Where have you mounted your Hi-Lift Jack?

Joined
Jul 25, 2014
Messages
26
Location
Nairobi, Kenya
So, for the many years before I actually bought an 80, I looked at other people's and formulated all sorts of ideas about how I would want mine to look and about functionality. I finally bought one (see owner's registry thread) which I chose specifically because it was already modded almost exactly how I would have done it if I had started from scratch (except I would have insisted on better workmanship).
With one major difference:
I've always told myself that I would never have an exterior mount for my hi-lift jack because of dust, mud, rain (rust), etc. I want my jack to be protected from the elements and to be confident it's not going to stick or jam at a crucial moment. They're bloody dangerous to use, and I want to make sure it's well-kept and maintained. UNFORTUNATELY, it's too tall to stand up vertically in the boot (trunk) near the door AND I don't want it pushed up right behind the rear seat - If I need it and I'm fully loaded in the back, I don't want to have to unpack EVERYTHING to access it.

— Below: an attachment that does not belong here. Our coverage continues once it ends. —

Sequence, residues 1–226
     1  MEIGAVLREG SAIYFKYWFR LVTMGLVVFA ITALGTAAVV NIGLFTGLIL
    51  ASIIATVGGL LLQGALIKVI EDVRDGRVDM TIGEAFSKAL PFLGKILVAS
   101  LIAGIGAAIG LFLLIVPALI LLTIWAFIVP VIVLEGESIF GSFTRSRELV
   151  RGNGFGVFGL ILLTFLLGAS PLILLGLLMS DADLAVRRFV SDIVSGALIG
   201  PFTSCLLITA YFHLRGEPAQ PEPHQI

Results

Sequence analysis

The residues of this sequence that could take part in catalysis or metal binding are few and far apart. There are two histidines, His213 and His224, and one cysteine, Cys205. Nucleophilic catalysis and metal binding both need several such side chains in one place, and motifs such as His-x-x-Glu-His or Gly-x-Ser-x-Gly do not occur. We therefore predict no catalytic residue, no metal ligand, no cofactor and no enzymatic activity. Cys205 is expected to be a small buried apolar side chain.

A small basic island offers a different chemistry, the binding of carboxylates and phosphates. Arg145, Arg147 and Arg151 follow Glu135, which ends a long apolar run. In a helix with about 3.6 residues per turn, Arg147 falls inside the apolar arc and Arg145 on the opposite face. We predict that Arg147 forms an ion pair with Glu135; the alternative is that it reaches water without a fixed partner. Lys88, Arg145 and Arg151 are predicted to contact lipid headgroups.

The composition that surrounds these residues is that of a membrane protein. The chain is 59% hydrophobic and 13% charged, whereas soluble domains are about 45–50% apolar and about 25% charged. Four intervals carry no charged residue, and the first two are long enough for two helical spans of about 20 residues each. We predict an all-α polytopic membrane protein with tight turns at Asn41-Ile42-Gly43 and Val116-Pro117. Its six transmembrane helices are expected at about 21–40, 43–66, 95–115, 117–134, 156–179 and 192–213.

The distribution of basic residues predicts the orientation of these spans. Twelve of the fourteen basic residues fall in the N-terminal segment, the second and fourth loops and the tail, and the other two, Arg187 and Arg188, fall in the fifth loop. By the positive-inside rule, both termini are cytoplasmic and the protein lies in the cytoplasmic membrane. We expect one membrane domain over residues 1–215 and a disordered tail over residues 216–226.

What other options are there? my old man's got his mounted on the side of his roof-rack above the door, but it rattles a lot, which bothers me. Mine is currently mounted on top of the main bulk of my ARB bullbar, but it's obviously exposed to lots of dust and rust there.

Do I just get a waterproof canvas cover made and leave it where it is? I'm curious to know what other members have done.
 
Joined
Dec 13, 2012
Messages
97
Tie it down with the rearmost tie downs under the rear carpet mat or a rolled up blanket. This won't affect daily grocery getting duties negatively. Have an exterior mount available for big trips or when cargo space is an issue. Keep some silicone spray in the truck and lube it every so often if you are worried about the affects of an exterior mount. With lube, the jack should be reliable.
 
Joined
Dec 13, 2012
Messages
97